The last item installed on the front shutter is the shutter handles. They are mounted back-to-back (inside and outside, sharing bolts). See the instruction manual for placement measurements. 


The Top shutter section will have the front and rear latch bars and the Shutter Wind Restraint “j-guides” installed.


When mounting the latch bars use the hole markings on the shutter as guides, but also make sure that they are parallel to the shutter edges and not mounted at a slant. Note that the “sharp” edge faces to the center on both latches.


The “j-guides” are mounted 4″ from each end, with the other two evenly spaced between. They are positioned such that the loop end extends beyond the shutter flange edge. 


The rear shutter panel is prepared by drilling the holes that will mount the panel to the two dome halves. These holes will be used as guide holes for the dome flange when positioned and ready to bolt together. The shutter catches are positioned and mounted at the bottom of the rear panel (the end opposite the slot and beveled edge.


A plastic template is provided to locate the holes in the sidewall section for the roller wheels and on the top (under reverse flange) for the side roller disks. Small guide holes are drilled using the template, then re-drilled to the correct size once located.


The side rollers are mounted on the upper surface between roller wheel openings. The self-tapping bolt is tightened, but still allows free turning of the roller. The side roller extends out from the wall approximately 3/16″ and protects the Dome Support Ring from coming into contact with the wall when rotating.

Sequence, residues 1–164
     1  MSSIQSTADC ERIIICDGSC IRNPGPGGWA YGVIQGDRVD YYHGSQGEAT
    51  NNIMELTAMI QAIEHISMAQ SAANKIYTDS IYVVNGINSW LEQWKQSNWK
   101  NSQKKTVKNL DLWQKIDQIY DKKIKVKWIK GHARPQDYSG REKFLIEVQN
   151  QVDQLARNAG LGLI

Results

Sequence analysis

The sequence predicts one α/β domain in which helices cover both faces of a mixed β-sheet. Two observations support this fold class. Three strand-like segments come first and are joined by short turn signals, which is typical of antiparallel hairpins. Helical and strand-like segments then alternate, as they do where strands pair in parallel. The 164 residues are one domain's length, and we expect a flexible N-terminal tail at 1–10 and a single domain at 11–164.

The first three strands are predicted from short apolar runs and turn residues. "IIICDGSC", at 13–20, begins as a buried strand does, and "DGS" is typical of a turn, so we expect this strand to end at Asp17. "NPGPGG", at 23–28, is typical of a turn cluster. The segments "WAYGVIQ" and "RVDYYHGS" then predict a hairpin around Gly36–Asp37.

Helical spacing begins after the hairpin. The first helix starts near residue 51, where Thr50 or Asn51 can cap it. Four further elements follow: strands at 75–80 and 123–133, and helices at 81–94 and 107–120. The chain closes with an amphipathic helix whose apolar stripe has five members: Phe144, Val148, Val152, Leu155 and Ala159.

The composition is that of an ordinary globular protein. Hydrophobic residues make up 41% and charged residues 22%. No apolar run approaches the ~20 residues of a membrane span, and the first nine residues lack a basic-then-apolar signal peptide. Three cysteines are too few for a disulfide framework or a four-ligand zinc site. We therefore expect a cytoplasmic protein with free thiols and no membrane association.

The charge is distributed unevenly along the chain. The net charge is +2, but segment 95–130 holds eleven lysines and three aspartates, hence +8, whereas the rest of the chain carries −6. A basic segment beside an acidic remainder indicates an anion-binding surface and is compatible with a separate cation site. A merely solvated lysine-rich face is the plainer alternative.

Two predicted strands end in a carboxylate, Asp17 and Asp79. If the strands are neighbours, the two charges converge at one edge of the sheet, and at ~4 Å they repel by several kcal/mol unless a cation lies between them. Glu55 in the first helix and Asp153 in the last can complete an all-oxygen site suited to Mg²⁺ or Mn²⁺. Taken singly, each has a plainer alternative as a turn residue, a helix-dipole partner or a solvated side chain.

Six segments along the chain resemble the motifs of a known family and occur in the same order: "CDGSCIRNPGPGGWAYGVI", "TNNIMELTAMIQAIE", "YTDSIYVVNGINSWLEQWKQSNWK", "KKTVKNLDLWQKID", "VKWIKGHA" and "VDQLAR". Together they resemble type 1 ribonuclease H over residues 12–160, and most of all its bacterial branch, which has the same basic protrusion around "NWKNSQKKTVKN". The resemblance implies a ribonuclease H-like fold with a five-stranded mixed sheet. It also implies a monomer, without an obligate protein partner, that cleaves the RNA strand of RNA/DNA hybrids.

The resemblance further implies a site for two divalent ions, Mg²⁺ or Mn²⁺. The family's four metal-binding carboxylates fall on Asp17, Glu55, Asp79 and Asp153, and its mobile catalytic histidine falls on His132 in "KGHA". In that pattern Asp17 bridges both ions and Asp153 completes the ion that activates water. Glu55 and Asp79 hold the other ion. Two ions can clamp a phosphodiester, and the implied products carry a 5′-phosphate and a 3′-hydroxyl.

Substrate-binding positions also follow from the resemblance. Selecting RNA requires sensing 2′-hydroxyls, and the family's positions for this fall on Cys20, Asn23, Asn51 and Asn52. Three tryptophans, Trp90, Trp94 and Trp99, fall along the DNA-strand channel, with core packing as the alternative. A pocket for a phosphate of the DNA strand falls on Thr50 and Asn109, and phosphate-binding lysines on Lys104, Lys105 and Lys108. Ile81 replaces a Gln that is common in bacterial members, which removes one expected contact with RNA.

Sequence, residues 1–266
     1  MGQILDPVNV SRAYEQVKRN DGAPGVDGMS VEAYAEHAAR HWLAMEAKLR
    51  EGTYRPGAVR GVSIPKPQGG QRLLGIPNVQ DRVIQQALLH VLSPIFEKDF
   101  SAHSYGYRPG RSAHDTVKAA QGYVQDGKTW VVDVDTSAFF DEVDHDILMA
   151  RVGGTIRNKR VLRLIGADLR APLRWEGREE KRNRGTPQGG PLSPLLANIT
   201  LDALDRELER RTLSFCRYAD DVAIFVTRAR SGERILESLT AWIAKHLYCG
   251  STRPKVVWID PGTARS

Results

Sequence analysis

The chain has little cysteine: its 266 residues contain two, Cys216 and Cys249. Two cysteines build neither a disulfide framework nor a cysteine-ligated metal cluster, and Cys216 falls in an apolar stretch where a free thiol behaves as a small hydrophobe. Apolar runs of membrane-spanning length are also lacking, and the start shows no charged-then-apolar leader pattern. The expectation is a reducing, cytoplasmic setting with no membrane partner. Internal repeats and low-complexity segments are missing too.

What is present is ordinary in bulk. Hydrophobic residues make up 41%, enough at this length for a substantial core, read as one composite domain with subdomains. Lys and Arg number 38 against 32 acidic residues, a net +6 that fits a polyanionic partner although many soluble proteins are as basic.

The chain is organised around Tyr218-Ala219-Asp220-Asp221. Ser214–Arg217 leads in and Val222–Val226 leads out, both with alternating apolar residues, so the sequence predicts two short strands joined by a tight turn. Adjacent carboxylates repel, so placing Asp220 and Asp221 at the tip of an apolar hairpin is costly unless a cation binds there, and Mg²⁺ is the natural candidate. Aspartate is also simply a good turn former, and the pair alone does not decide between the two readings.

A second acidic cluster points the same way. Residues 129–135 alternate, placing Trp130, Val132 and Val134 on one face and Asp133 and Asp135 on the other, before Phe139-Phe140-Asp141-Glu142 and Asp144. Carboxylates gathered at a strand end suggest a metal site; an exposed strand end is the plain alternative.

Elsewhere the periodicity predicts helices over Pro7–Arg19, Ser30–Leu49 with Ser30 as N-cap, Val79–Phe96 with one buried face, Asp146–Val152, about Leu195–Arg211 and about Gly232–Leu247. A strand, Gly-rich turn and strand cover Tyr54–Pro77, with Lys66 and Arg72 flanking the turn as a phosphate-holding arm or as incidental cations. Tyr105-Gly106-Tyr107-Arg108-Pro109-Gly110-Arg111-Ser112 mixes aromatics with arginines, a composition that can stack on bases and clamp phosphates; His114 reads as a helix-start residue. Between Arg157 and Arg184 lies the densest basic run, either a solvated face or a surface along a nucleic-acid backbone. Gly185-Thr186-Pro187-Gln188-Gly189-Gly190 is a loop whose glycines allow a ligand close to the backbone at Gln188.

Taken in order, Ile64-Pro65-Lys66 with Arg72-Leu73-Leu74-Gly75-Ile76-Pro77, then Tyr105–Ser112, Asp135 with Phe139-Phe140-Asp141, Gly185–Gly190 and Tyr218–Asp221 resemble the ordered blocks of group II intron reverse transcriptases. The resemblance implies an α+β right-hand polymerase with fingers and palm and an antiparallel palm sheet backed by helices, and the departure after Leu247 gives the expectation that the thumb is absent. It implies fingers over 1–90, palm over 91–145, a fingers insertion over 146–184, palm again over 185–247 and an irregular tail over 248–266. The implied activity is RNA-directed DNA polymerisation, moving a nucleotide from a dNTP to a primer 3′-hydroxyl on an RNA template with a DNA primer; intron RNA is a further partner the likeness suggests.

The roller wheels have been made for us by a company in Germany for nearly 15 years, and have proven to be very durable and dependable. They have a sealed bearing system and hard rubber surface which is resistant to wear. The wheel is mounted up through the molded wheel openings and extends approximately 1/4″ above the top surface of the wall. A sleeve bearing, washer, and dust cup are used in the mounting assembly. 


The Dome Support Ring (DSR) is made up of two large sections and a swing-out for the door. The sections have overlapping flanges to allow the proper adjustment to fit the circumference tolerances (see that table on page 18 of the manual.


When properly adjusted, there will be a gap of approximately 1/4 inch between the DSR and the wall completely around the circumference. One suggestion is to get 1/4 spacers (wood scraps for example) and tape 4 or 5 to the wall around the dome to assist in adjusting the DSR.   


When the final positioning is accomplished the DSR sections are bolted together at the overlaps. 


The dome halves are prepared by first drilling the holes where the dome will mount onto the DSR. Spacing is in the manual. This is on the “equatorial flange” not the slightly larger flange that runs the length of the shutter opening that the shutters ride upon.


Dome half with DSR mounting holes drilled.


Edge location measurements are mad and the DSR is marked accordingly. The dome half can be set up onto the DSR at the marks.


The dome half is adjusted to be as close to flush with the DSR skirt (outside) as possible (cosmetic).


Both dome halves are now resting on the DSR. They are not bolted into place at this point, just positioned to accept the rear shutter panel.


The bottom location of the rear shutter panel is measured and then marked on the dome half shutter flange. The rear panel goes on with the latch bar slot at the top.


The rear panel is placed so that the side flanges slide over the dome half shutter flanges and are positioned up to the proper height based upon the bottom markings.